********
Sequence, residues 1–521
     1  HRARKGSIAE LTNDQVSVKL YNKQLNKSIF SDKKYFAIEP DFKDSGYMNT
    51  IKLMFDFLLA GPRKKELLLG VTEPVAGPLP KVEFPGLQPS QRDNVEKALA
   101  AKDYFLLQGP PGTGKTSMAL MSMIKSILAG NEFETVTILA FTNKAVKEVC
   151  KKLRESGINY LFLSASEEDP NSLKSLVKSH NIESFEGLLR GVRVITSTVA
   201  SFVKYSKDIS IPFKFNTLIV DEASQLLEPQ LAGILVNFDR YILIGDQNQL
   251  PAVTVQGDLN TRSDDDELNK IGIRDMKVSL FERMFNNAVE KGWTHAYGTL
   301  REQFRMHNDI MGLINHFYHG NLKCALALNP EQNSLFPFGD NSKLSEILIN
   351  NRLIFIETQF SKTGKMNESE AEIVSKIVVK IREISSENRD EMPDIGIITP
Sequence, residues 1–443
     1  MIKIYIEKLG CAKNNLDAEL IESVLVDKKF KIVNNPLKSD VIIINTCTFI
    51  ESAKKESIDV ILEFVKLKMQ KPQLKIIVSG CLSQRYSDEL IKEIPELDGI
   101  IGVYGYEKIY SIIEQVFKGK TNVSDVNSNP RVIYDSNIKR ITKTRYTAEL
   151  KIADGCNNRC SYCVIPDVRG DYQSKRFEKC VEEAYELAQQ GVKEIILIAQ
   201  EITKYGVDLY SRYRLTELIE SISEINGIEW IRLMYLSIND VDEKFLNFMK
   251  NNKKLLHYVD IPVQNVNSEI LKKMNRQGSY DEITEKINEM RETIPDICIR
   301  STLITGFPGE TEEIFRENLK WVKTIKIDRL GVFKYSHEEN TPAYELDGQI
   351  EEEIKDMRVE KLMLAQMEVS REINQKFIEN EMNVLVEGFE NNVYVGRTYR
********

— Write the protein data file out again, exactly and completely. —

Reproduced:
Sequence, residues 1–521
     1  HRARKGSIAE LTNDQVSVKL YNKQLNKSIF SDKKYFAIEP DFKDSGYMNT
    51  IKLMFDFLLA GPRKKELLLG VTEPVAGPLP KVEFPGLQPS QRDNVEKALA
   101  AKDYFLLQGP PGTGKTSMAL MSMIKSILAG NEFETVTILA FTNKAVKEVC
   151  KKLRESGINY LFLSASEEDP NSLKSLVKSH NIESFEGLLR GVRVITSTVA
   201  SFVKYSKDIS IPFKFNTLIV DEASQLLEPQ LAGILVNFDR YILIGDQNQL
   251  PAVTVQGDLN TRSDDDELNK IGIRDMKVSL FERMFNNAVE KGWTHAYGTL
   301  REQFRMHNDI MGLINHFYHG NLKCALALNP EQNSLFPFGD NSKLSEILIN
   351  NRLIFIETQF SKTGKMNESE AEIVSKIVVK IREISSENRD EMPDIGIITP
Sequence, residues 1–443
     1  MIKIYIEKLG CAKNNLDAEL IESVLVDKKF KIVNNPLKSD VIIINTCTFI
    51  ESAKKESIDV ILEFVKLKMQ KPQLKIIVSG CLSQRYSDEL IKEIPELDGI
   101  IGVYGYEKIY SIIEQVFKGK TNVSDVNSNP RVIYDSNIKR ITKTRYTAEL
   151  KIADGCNNRC SYCVIPDVRG DYQSKRFEKC VEEAYELAQQ GVKEIILIAQ
   201  EITKYGVDLY SRYRLTELIE SISEINGIEW IRLMYLSIND VDEKFLNFMK
   251  NNKKLLHYVD IPVQNVNSEI LKKMNRQGSY DEITEKINEM RETIPDICIR
   301  STLITGFPGE TEEIFRENLK WVKTIKIDRL GVFKYSHEEN TPAYELDGQI
   351  EEEIKDMRVE KLMLAQMEVS REINQKFIEN EMNVLVEGFE NNVYVGRTYR